"Can we use 1.6 million new jobs?"
Last week I called out PNB for its six-month delay in cleaning up my credit card account after I was victimized by fake transactions somewhere in the Balkans.
I’m happy to report that within literally minutes of my column hitting Facebook, no less than PNB’s president and CEO, Wick Veloso, contacted me. Within the same day, my problem was resolved.
My thanks to Wick, who joined PNB in 2018 after serving as HSBC’s first Filipino country manager. Last year, Singapore-based The Asian Banker commended him and PNB for their “best management performance during COVID-19” in the Philippines. We’re hopeful that Wick’s excellence will continue to spread throughout his organization.
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I’m also reminding the reader to sign up for this Friday’s webinar on “Tapping the $1 Trillion China Market” sponsored by CenSEI, the consulting company run by former Civil Service Commission chair Ric Saludo and former DAP president Tony Kalaw. Powerhouse co-sponsors are Microsoft, San Miguel Corp, Globe Telecoms, and RCBC.
Scheduled to speak is our Ambassador to China, Chito Sta. Romana (a LaSallite like Wick); our commercial attache there, Glenn Penaranda; China’s commercial counsellor here, Jiang Jiangjun; and local China business experts Allen Cheng and George Chua Cham.
The webinar is scheduled for Friday the 26th from 9AM to 12PM. Just go to this Microsoft Teams link:
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RBH2, the resolution seeking to relax constitutional restrictions on foreign investment, was recently reported out of the House Committee on Constitutional Amendments, headed by Rep. Alfred Garbin, with an impressive 63-3-3 vote. This week it’s scheduled for plenary deliberations on the floor.
As the congressmen meet, they ought to note that our Constitution is truly the most restrictive on foreign investment in the region, if not the whole world. For comparison, courtesy of international trade expert Atty. Tony Abad, here are relevant passages from the constitution of the Lao People’s Democratic Republic, the only other ASEAN constitution that says anything about foreign investment in general:
“Article 14. The state protects and expands all forms of state, collective and individual ownership, as well as private ownership of domestic capitalists and foreigners who make investments in the Lao PDR. The state encourages all economic sectors to compete and cooperate with one another in expanding their production and business. All economic sectors are equal before law.”
You certainly can’t get more innocuous than that—and from a country that remains firmly in the camp of nominally communist China. It’s a far, far cry from our own constitution, under which 30 economic sectors have 60/40 foreign ownership caps, with 11 closed to any foreign presence at all.
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Let me also share with our congressmen the following two research findings from UP National College of Public Administration and Governance Professor Henry Basilio and his research team in RESPOND (Regulatory Reform Support Program for National Development):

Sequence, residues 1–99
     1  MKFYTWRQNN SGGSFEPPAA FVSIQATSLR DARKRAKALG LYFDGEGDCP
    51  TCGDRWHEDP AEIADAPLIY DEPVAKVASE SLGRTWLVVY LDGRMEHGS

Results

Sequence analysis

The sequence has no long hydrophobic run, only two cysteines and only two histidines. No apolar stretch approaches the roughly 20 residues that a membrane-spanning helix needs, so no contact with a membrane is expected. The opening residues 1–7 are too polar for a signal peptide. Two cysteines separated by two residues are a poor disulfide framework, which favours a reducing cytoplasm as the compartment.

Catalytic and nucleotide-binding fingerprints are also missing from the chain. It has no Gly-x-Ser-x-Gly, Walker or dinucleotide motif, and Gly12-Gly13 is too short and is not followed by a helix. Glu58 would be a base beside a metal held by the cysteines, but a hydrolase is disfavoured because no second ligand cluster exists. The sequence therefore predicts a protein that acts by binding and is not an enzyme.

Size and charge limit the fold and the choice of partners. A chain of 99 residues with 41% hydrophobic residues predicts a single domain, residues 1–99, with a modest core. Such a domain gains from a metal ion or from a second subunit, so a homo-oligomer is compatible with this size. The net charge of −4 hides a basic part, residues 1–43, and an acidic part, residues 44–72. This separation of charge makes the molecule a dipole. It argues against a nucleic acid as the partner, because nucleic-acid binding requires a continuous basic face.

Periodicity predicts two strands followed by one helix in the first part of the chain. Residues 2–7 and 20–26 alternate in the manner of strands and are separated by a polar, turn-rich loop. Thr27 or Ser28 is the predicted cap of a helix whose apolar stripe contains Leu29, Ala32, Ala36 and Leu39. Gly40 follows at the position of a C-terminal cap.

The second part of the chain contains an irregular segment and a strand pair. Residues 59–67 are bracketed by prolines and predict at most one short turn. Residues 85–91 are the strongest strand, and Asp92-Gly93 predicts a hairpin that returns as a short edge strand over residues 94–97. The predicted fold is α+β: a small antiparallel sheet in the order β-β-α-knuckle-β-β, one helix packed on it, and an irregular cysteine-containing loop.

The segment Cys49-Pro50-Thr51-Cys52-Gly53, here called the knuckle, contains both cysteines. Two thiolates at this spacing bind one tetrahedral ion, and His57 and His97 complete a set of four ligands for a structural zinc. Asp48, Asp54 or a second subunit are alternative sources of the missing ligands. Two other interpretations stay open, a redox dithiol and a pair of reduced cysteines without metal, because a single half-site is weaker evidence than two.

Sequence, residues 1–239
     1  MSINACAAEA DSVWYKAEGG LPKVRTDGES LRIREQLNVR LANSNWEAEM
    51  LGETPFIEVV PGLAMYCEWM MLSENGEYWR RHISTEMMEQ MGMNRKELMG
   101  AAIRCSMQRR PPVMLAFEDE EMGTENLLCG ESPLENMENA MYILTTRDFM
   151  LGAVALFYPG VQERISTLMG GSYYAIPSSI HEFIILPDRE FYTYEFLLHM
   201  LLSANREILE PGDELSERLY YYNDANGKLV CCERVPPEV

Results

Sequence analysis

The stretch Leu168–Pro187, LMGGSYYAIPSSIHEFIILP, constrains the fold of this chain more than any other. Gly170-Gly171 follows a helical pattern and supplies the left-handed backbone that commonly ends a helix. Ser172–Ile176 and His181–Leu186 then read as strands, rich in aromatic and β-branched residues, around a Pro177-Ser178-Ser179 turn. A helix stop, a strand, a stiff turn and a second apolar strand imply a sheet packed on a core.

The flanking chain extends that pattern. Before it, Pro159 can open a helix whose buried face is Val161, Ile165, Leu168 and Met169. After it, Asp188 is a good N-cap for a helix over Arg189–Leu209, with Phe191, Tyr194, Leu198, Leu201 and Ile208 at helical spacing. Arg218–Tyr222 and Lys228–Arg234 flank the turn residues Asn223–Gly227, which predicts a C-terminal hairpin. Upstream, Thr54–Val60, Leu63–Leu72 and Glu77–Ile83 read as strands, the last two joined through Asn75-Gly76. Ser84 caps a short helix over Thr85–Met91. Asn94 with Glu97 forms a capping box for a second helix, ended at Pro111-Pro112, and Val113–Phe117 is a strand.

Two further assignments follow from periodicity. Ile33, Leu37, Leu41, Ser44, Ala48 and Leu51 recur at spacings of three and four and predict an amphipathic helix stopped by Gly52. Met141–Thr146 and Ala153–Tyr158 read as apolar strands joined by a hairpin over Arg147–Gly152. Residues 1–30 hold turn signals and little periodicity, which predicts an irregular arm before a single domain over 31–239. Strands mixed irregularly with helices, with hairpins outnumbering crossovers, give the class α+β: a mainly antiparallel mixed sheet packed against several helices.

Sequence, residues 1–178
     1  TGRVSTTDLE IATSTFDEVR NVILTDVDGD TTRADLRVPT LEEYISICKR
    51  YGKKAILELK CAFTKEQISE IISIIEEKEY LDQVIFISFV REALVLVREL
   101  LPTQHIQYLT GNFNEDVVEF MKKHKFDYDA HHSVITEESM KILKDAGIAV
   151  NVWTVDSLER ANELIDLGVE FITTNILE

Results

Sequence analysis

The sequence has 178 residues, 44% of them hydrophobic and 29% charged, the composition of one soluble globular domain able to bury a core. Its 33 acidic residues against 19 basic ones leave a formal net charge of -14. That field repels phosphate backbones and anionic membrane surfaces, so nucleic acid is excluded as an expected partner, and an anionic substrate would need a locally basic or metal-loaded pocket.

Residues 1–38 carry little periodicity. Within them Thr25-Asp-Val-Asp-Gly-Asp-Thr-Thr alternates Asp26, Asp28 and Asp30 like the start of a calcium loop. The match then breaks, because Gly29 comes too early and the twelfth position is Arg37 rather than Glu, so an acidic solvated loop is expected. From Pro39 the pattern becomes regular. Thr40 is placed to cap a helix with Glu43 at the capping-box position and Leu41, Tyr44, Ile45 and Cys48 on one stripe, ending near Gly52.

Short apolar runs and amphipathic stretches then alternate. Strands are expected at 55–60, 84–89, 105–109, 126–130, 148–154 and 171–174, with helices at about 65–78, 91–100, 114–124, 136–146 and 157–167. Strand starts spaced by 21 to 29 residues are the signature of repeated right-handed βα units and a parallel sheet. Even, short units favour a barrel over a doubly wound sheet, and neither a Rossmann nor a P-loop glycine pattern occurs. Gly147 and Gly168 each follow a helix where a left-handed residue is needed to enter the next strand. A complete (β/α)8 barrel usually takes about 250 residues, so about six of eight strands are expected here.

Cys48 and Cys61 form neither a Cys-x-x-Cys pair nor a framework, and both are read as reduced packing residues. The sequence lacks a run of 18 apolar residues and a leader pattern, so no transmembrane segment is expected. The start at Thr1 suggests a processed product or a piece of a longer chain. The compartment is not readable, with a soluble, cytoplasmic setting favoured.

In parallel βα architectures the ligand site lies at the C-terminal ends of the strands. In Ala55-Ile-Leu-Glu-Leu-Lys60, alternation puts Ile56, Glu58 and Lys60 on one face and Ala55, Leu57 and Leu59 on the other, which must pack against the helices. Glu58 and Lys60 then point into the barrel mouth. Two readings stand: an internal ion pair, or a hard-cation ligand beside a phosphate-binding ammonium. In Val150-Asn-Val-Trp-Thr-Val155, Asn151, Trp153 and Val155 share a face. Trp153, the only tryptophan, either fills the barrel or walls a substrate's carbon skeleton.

First, Dr. Basilio’s statistical regressions show that foreign direct investment will increase by $57.5 million for every one unit point improvement in the country’s foreign equity restriction (FER) score that is tracked by the developed countries in OECD. That score was 0.281 in 2019, the 4th highest in the world (only behind, of all places, Libya, Algeria, and Palestine).
Bringing that score down to zero (allowing 100-percent foreign ownership in the entire economy) would increase our nominal foreign investment by another $16.2 billion, more than triple the $5.25 billion level as of last October.
Second, Dr. Basilio’s input-output analysis shows that the above potential increase in foreign investment would lead to 1.6 million new jobs. This would recover more than half of the job losses from the COVID-19 lockdown and raise total family incomes by nearly P200 billion, or by P8,000 per family, over the long term.
The job recovery rates would be particularly significant in manufacturing (+38 percent); construction (+35 percent); other services including health and tourism (+25 percent); and transport and storage (+19 percent).
Of course, whether or not our government would ultimately allow 100 percent foreign ownership in all sectors is the 64-peso question. Even now, land is already off the table. And we’d have to depend on the probity of future congressmen in exercising discretion over equity restrictions that could now be relaxed under the condition “unless otherwise provided by law.”
Having said that, I prefer to see the cup as half full and not half empty. Even a simple additional phrase like the one above will do wonders for the backward Cory Constitution.
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Today’s Gospel is preceded by this verse (Mt 4: 4b): “One does not live on bread alone, but on every word that comes forth from the mouth of God.”
As we move deeper into the Lenten season, it’s a reminder that we’re not only expected to fast (from “bread”), but also to give alms (“love our neighbor”) and pray (“love our God”), following the two reformulated commandments for Christian living.
Readers can write me at firstname.lastname@example.org.